Now the whole world knows about Las Vegas and its scorpions

Las Vegas and its scorpions

Arizona bark scorpion (via Progressive Pest Control)

Nearly seven years ago in this space, I highlighted the presence in Las Vegas of scorpions. Specifically, I recounted how fortunate it was for the area’s marketing agency, the Las Vegas Convention and Visitors Authority, that what are now upwards of 40 million tourists a year arrive blissfully unaware of the little buggers hereabouts.

Not any more.

News earlier this week of a California man’s claim that he was stung several times by a scorpion in a very private part of his body while sleeping in his bed at the swank high-rise Venetian Las Vegas on the Strip has exploded across the Internet. My Google search for mentions since Monday in the same article of “Las Vegas” and “scorpion” already has topped 100,000.

Media outlets reported the news were far and wide. There were the usual suspects in the U.S.–meaning just about everywhere. Abroad, I saw a staff-written story in the Hindustan Times, one of India’s largest English-language newspaper, describing in a dead-pan manner the “unexpected and distressing encounter” of  Michael Farchi, visiting from the Los Angeles suburb of Agoura Hills on the day after Christmas. A long article appeared in London’s, which gets 191 million visitor views a month.

Although he went to a hospital, Farchi survived. He even managed to snare the perp, a photo of which has been plastered everywhere. Farchi has lawyered up–his mouthpiece is Brian J. Virag, a Los Angeles lawyer who specializes in hotel insect cases and has trademarked the phrase “My Bed Bug Lawyer.” (Who knew bed bugs had lawyers?) But there doesn’t seem to be a lawsuit filed–yet. (An account by KLAS-TV in Las Vegas says the hotel eventually comped the room.) According to news accounts, the hotel hasn’t had much to say.

Still, to my mind, this is just another example of how stuff that isn’t all that unusual but which happens in Las Vegas gets insane attention elsewhere only because it happens in a place with Sin City as its unofficial nickname. I have written before about this phenomenon of the wrath of editors mirroring (or second-guessing) the wrath of God. According to studies I consulted, more than 1 million persons a year get stung by scorpions worldwide, while only 3,000 deaths are reported. You’re far more likely to die from the flu. All this hubbub about one non-fatal scorpion sting in Vegas, even if in a sensitive spot of the anatomy?

Much of the rest of this post is drawn from my earlier meditation on the topic of Las Vegas scorpions.

Here’s what prompted me to write about the topic in the first place. Like what happened to Fanchi, at the New to Las Vegas world headquarters a scorpion crawling across the ceiling actually fell into my own bed! Fortunately, unlike Farchi, I’m a light sleeper and was able to make short work of the crittter with a pillow case organized-crime-style (hey, this is Vegas, baby, where the Mob Museum is a popular tourist attraction). I was careful to avoid the tail, tipped with a stinger that can swoop over and deliver a hefty load of potent venom.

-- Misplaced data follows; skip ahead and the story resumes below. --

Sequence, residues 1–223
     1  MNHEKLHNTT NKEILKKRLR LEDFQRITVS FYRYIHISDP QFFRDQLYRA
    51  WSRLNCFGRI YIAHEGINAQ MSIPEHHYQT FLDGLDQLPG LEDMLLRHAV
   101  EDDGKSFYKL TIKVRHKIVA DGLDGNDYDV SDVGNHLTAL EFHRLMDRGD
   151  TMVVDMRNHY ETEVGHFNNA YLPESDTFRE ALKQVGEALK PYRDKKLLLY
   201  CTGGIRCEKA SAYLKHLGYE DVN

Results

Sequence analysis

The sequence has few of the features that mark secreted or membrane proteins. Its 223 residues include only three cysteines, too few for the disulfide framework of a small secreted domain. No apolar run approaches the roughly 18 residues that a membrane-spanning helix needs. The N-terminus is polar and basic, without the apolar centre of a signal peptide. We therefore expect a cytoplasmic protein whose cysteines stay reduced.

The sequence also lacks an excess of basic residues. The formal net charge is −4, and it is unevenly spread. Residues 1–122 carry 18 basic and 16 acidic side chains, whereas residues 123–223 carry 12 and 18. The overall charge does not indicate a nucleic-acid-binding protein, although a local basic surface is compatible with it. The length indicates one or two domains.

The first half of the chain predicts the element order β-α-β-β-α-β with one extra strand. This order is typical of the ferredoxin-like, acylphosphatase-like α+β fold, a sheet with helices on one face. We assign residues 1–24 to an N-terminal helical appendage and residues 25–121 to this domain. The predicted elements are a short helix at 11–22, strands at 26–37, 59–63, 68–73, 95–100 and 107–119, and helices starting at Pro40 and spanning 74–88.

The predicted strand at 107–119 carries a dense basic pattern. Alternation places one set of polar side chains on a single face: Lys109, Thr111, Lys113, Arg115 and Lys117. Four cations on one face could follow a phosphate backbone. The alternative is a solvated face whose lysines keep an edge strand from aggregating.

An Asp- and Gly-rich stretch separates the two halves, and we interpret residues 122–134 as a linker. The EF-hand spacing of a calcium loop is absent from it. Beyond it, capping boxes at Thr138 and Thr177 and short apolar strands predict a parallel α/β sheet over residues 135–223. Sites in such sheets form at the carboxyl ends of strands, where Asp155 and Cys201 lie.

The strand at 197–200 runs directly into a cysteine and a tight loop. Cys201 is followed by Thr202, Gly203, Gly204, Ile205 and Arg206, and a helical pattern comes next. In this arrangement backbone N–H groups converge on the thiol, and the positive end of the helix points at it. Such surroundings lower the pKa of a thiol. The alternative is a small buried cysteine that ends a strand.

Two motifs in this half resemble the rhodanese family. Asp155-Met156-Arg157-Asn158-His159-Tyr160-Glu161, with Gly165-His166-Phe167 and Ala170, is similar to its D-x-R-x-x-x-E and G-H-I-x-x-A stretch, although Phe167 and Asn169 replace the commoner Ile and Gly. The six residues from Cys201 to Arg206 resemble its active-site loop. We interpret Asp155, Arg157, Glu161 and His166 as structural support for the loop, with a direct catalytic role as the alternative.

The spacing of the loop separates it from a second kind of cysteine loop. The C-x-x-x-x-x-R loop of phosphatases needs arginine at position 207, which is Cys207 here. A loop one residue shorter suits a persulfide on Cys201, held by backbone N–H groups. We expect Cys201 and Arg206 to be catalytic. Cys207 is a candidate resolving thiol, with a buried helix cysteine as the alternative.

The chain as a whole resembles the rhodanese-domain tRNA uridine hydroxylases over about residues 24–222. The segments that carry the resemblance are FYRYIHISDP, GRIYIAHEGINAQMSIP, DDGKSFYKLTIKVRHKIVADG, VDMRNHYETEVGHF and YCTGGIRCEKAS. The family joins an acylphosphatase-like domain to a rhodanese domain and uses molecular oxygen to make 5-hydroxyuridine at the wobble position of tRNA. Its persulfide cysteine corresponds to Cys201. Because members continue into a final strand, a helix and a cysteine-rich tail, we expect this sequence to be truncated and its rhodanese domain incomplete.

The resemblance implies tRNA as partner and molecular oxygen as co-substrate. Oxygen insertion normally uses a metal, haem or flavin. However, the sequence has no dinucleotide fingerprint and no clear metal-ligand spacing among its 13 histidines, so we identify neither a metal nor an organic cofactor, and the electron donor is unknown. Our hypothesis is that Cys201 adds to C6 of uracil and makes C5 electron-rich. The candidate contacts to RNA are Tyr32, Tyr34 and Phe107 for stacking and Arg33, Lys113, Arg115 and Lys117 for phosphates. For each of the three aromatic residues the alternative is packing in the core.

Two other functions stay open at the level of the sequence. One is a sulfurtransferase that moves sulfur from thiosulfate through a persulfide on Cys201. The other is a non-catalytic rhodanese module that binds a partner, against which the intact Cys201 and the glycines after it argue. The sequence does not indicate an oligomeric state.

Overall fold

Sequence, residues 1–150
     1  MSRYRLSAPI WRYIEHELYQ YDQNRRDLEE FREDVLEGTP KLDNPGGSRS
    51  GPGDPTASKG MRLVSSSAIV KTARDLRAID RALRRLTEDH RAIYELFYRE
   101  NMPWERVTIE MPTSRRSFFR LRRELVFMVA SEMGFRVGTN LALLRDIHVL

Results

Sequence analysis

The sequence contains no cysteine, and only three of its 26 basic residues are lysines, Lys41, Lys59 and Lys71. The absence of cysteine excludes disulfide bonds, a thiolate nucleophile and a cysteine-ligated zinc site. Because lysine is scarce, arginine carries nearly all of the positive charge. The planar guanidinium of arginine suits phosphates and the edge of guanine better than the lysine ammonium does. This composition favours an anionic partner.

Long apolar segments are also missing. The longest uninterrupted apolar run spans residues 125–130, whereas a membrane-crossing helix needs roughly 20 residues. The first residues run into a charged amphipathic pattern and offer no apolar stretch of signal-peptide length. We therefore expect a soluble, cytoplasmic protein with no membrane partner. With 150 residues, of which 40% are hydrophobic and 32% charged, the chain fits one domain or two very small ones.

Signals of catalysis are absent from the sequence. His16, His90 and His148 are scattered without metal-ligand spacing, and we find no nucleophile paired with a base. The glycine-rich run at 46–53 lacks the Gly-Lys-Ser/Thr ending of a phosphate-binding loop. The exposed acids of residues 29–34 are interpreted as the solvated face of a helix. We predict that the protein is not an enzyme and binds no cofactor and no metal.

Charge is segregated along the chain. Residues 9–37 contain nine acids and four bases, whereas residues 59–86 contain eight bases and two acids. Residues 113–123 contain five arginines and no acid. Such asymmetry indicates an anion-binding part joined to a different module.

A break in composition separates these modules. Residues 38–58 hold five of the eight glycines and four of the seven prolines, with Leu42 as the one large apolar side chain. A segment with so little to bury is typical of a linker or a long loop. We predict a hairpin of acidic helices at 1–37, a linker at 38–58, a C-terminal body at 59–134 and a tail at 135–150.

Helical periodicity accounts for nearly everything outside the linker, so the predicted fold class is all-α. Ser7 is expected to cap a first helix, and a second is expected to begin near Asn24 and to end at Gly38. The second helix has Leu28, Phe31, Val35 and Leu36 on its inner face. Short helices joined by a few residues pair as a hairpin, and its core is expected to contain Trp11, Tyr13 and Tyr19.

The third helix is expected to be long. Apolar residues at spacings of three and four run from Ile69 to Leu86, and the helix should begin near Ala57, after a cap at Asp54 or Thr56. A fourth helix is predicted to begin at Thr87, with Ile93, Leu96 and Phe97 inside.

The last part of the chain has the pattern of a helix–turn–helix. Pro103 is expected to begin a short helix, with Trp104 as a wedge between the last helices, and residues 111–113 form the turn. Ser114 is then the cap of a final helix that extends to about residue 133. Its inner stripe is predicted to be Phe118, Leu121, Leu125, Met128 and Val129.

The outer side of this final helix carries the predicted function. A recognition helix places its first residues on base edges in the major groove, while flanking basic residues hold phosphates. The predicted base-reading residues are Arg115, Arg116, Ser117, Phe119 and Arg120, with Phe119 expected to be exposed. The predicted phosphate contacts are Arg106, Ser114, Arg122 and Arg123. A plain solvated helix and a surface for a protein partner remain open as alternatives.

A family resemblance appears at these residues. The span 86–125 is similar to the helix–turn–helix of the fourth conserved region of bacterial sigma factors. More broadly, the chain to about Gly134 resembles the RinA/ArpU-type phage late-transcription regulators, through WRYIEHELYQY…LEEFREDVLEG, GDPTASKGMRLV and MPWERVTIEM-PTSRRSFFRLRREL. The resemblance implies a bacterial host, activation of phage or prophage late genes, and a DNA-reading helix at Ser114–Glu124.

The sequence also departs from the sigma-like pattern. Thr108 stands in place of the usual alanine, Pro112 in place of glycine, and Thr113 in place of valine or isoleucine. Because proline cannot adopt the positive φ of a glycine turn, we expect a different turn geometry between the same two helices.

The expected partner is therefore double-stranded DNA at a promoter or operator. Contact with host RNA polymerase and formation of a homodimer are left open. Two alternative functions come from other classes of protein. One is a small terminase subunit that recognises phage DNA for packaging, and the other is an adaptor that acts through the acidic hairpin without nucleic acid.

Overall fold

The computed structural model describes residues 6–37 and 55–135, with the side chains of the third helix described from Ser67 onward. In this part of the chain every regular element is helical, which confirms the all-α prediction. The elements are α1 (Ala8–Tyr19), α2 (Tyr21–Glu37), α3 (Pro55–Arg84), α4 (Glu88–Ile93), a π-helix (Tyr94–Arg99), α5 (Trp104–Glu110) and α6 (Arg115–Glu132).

An autopsy (by me) revealed it was an Arizona bark scorpion, which Farchi years later photographed as his assailant. The brownish creatures are so called because they live on the bark of palm trees, which are plentiful in Las Vegas, and were first identified in our neighboring state. Arizona bark scorpions are rather small, usually three inches or less in length, including the tail. But they more than make up for their diminutive stature with a toxin routinely called among the strongest in the scorpion world.

It is said that there are two dozen kinds of scorpions around Las Vegas, but only the Arizona bark scorpion can deliver a sting described as potentially fatal. I say potentially because I can’t find a record of anyone succumbing to an Arizona bark scorpion sting in Las Vegas, Nevada or even the rest of the country. And that includes Arizona.

I now have been stung twice by Arizona bark scorpions (on my hands, unlike the unlucky Farchi), and I can affirm it hurt like hell for a couple of hours before the pain went away. Worse than when I got stung by bees as a youth in my native New Jersey, but not by much. Few scorpion victims, it appears, go to emergency rooms for treatment unless they are infants or very old folks.